Do You Think Internationally When Developing A Series?

Sam Register discussing Warner Bros. animation at MIP Jr. 2011

 Via: MIPBlog

Do you think you should?

If not, why not?

Going on right now, MIPCOM is pretty much the convention/expo/gathering when it comes to selling shows to international buyers. Thousands come from all over the world to Cannes to see, hear, meet and schmooze about TV programmes. It’s also preceded each year by MIPJr. a similar event for kids shows that is ostensibly the same format as it’s big brother.

MIPCOM is an important part of the global TV ecosystem because it allows content producers to sell that content to others. It’s much cheaper (and easier) to simply sell the rights to a local player and have them handle re-dubbing, marketing, scheduling, etc. Essentially what you get is money for your show with relatively little effort.

So should you develop your show with this event in mind?

Or rather, should you have an international mindset when developing a TV show or film?

The answer is you probably should, not to the extent that you design your entire show around the international market, but you should be aware that certain things don’t play too well in the foreign markets, such as:

  • Westerns – The only place with a wild west is America, most other countries have nothing comparable so they aren’t nearly as interested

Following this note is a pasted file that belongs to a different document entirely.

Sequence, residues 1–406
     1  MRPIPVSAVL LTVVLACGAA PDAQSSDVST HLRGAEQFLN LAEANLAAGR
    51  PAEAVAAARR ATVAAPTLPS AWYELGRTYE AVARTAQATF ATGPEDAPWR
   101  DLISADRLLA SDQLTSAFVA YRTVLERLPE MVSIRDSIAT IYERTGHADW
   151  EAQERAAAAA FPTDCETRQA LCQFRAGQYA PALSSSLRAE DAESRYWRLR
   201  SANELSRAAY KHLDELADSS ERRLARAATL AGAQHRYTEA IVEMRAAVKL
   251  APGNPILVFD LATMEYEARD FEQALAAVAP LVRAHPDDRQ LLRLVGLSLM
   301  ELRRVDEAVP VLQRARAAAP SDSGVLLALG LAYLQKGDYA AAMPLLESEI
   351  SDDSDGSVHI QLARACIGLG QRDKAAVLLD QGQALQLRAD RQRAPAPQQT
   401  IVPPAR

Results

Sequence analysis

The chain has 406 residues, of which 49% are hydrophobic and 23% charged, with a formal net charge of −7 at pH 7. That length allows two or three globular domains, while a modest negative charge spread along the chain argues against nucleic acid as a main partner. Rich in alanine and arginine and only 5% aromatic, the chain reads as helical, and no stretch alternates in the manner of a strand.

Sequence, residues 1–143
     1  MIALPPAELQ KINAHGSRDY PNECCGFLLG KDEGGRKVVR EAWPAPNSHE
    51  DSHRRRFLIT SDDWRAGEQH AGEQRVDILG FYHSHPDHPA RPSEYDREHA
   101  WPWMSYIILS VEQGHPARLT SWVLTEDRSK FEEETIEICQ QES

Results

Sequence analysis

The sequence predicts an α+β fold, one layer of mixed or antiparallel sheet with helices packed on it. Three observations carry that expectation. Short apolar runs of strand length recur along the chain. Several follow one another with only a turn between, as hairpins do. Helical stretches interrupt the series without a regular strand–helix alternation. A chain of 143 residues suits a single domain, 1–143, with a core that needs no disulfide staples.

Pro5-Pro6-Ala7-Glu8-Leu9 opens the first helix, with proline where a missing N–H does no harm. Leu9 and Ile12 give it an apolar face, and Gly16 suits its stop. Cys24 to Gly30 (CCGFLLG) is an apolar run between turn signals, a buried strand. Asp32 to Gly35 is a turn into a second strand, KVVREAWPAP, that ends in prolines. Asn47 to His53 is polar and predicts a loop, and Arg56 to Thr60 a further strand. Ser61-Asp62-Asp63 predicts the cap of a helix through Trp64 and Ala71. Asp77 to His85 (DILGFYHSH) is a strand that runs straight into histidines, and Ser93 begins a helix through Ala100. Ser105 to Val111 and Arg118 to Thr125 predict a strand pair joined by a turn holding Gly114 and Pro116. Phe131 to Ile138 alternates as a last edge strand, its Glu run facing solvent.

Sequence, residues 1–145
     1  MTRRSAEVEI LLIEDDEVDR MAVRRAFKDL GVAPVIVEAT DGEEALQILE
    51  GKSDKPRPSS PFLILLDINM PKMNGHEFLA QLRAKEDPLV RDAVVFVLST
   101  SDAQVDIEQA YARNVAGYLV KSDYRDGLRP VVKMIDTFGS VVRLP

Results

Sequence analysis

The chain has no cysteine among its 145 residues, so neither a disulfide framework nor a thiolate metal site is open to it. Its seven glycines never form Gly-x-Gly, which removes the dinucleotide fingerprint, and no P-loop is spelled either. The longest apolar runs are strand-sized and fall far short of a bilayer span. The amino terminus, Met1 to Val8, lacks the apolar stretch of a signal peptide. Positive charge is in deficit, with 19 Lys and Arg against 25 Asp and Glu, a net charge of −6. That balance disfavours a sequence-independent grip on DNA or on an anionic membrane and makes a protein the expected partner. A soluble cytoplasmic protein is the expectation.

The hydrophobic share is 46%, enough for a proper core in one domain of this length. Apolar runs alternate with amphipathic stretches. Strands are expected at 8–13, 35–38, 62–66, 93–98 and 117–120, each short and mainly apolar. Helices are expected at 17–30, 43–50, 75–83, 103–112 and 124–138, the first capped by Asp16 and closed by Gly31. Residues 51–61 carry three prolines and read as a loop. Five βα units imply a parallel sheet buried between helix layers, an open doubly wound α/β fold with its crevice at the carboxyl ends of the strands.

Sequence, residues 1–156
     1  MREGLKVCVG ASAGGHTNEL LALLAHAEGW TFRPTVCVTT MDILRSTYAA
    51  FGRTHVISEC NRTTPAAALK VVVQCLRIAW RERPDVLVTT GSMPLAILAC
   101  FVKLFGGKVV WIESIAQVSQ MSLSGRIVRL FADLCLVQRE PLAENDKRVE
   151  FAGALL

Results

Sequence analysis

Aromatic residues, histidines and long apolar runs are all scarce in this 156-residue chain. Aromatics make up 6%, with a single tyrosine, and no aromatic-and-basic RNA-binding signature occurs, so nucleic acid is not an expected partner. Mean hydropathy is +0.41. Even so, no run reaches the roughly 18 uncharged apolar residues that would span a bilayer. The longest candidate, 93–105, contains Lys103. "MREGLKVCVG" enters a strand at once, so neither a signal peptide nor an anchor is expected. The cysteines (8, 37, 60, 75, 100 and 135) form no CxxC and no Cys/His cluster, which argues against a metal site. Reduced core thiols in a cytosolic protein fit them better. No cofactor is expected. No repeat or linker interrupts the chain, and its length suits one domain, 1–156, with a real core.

• Military – DreamWorks discovered that as half-decent a film as Monsters Vs. Aliens is, it did relatively poorly internationally because of the heavy military theme didn’t resonate as loudly with foreigners as it did with Americans.
  • You get the picture

The important point is that if a show skews too heavily towards American culture, it might be a difficult sell abroad, resulting in the network being more reluctant to buy it given that international sales are normally necessary to make money.

Of course the opposite is true too. You shouldn’t base you’re entire show around what the international market wants but you should at least be aware that your show will likely be sold abroad at some point and adjust your development accordingly.

The most popular TV shows out there are so for a reason, and that is that they have universal appeal regardless of the culture you live in. The simple reason this is so is because they make culture irrelevant. Think of SpongeBob, where you live has nothing to do with the show, Bikini Bottom could be anywhere in the world!

Just keep an open mind, that’s all!

PS. Dave Levy wrote a great book on pitching and developing TV shows

PSS. Don’t forget to read Steve Schnier’s informative The Pitch Bible Blog

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